Book Review : Sexual Adventure and Food Terrorism

Falling Up the Stairs by James Lileks (E. P. Dutton: $19.95; 310 pages)

Literature is a lot like a party. You open a book like going to a party; sometimes as an obligation, usually scheming to meet someone fun and new, and (best-case scenario) hoping to spot Ms. or Mr. Wonderful across a crowded room.

Not to belabor this too much, but you can get stuck in some "great man" poker game in the front room with, say, Joseph Heller, Norman Mailer, Larry Woiwode, Mr. Flanagan--they're bluffing and raising, stacking up their chips, and after awhile, who cares?

And, you know how women like to gather and swap stories of marital horrors and secret loves and ungrateful children? You can find them hanging out in the back bedroom, talking in whispers, and it's fun to go in there, to giggle, or cry.

But out in the kitchen, under bright lights, opening their 28th can of beer, you find the boys and girls who love a party; who would chop off a finger before they would pass up a pun; who tell tall stories because they have to; whose stories run to getting caught in bed with the other man's girlfriend (or vice-versa), or to murder by dropping a plugged-in television set smack into somebody's bathtub. The people who write these fun books rarely win prizes; they may not even sell that many copies. But they are the backbone of literature. Their sheer love of story floats the whole enterprise.

James Lileks' "Falling Up the Stairs" begins with a premise that's totally dopey, and then spirals on out from there. He invents Jonathan Simpson, a journalist from the Minnesota boondocks, left by his wife, fired for his practical jokes, who inherits a crumbling mansion, Marvel Manor, in downtown Minneapolis. This goofy old house has a platform that chugs up and down the ancient staircase (hence the title) and is occupied by two terminally picturesque servants, Grunewald and Trygve, a cook and butler left over from the old days, as well as the alcoholically repellent Cousin Oscar: "His face was fleshy, spotted with a drinker's blotchy blush, and his skin tone spoke of a diet of poor food and lots of it. . . ."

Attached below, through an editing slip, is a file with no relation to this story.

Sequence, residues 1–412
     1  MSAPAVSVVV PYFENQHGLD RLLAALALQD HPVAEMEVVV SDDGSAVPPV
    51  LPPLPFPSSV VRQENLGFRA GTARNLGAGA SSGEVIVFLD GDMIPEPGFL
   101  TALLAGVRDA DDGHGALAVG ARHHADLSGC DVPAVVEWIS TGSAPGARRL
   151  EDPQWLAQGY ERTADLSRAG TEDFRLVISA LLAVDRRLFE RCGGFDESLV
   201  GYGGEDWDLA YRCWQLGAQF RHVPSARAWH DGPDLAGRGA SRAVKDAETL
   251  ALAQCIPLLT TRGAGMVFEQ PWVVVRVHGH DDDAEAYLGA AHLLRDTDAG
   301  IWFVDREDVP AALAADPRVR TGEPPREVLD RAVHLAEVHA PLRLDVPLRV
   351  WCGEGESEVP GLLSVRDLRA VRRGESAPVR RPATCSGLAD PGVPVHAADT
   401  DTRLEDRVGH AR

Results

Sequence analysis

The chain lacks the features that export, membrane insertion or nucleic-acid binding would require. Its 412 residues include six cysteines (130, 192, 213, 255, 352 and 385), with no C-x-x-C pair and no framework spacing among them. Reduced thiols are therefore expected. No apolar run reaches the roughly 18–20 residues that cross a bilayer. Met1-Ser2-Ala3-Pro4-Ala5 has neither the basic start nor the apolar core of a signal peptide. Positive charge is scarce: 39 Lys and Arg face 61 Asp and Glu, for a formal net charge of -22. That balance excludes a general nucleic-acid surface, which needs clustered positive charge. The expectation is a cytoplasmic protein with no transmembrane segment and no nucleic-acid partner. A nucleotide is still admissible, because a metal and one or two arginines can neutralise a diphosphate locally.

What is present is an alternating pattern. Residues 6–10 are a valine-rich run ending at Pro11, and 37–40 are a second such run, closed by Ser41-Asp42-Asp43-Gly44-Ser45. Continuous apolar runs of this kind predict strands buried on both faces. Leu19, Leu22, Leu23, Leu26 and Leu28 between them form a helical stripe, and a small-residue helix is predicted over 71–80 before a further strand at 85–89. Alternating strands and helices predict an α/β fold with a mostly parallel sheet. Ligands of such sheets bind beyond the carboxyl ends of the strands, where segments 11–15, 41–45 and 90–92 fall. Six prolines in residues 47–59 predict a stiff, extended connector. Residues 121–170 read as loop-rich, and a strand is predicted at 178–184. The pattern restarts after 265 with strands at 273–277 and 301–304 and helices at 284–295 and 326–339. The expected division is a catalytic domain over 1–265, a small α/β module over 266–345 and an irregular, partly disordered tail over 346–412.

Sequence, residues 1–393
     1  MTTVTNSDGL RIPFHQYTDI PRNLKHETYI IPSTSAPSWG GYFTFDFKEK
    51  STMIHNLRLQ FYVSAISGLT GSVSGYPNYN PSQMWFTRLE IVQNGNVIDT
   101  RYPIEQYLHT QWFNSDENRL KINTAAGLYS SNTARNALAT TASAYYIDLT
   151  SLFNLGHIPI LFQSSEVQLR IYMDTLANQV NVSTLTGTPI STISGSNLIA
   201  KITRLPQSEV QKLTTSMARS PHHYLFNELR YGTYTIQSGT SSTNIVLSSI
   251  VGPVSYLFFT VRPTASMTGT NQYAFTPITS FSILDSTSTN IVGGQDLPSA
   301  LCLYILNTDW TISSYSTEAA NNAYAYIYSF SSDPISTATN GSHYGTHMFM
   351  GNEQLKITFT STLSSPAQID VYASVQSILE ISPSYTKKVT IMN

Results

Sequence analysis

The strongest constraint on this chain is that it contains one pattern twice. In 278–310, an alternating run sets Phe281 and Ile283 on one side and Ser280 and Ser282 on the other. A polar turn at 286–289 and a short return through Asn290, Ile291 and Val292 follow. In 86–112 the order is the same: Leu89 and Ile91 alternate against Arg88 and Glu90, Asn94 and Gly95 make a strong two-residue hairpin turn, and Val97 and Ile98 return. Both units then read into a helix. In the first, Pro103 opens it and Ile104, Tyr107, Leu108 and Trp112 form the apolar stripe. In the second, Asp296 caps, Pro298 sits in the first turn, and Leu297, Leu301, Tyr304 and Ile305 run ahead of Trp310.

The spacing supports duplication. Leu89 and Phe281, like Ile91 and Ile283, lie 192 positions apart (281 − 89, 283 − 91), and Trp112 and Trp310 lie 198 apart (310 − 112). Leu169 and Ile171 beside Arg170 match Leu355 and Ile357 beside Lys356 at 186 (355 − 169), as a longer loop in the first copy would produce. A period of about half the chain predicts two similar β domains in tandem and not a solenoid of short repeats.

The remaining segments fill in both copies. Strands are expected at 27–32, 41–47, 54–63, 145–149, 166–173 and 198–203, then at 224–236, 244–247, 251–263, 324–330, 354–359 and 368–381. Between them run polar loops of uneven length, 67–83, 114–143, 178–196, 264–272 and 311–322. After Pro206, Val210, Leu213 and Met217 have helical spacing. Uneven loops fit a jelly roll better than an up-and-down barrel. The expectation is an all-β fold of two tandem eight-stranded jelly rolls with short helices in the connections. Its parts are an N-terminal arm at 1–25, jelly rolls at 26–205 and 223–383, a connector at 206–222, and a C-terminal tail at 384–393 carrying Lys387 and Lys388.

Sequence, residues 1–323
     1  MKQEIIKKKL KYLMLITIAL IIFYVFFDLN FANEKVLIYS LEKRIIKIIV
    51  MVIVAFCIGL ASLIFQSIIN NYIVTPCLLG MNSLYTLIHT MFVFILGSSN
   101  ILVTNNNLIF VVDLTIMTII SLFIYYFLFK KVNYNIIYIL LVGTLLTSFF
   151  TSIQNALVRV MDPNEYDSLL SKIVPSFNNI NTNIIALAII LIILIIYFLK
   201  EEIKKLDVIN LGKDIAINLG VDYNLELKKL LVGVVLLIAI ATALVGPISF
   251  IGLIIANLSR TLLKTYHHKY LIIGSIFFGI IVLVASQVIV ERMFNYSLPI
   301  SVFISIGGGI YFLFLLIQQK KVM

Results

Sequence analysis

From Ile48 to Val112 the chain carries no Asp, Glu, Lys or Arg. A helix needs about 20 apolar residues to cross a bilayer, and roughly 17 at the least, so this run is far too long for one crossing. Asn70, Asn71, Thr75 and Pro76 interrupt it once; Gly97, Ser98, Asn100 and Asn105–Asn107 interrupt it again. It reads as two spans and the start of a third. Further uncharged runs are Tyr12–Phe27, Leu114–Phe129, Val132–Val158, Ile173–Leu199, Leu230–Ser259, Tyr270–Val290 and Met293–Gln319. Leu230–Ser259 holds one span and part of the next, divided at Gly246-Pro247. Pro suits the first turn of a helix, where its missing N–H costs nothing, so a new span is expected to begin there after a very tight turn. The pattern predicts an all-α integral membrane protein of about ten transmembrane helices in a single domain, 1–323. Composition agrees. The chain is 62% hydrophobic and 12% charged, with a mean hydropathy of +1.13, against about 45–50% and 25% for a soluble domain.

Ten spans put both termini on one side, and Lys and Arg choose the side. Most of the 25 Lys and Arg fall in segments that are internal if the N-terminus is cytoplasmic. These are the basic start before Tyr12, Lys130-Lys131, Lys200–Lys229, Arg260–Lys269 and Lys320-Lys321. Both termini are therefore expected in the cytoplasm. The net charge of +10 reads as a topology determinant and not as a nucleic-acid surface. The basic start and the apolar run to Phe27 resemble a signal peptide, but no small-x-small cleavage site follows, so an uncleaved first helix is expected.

Having been introduced to Marvel Manor and its tenants, you think--why not?--that the novel will deal with them, but this is really a picaresque narrative of sexual adventure and "food terrorism" more or less tastefully (?) folded up together.

A ghoulish group with the pleasing acronym AIL is convinced that white flour and refined sugar kills. AIL intends to hasten the process by poisoning processed foods. Poor Grunewald soon falls into a coma while tasting a packaged bundt cake. Jonathan is incensed! He loves Grunewald; he's gotten a job on a Minneapolis low-prestige weekly throwaway and finds himself hot on the trail of these crazy food terrorists, where he comes in to direct competition with Marya, a gorgeous co-ed who works on the high-prestige university daily where Jonathan is still known by reputation.

Marya ("Her red hair was unruly, scraps of apple peals rolled in rust and cinnamon, and it fell to her shoulders in wavy hanks . . . .") will do anything for a story. When she falls in bed with Jonathan, is she looking for love or a new line on her resume? Jonathan himself is hardly the soul of chastity, finding old girlfriends and new, putting on clothes that "smell like a deep-fried bar rag," meeting dubious suspects: "From his posture it looks as though he had to pick the asphalt from his knuckles at the end of every day. . . ."

Of course, the AIL villains have been underfoot at all times during this novel. When they are unmasked, the reader can do nothing but shake his or her head and mutter a perfunctory "tsk tsk." It's a ludicrous plot turn stuck in by James Lileks just because he likes the idea. But by this time the author's voice is so likable, his hero so endearing, that you can forgive just about anything.

Let's be straight. "Falling Up the Stairs" has very little redeeming social value, and about as much "high purpose" as a visit to Sea World. But you read it with a smile on your face, and you wish Jim Garner was 25 again so that he could play the part in the movie.

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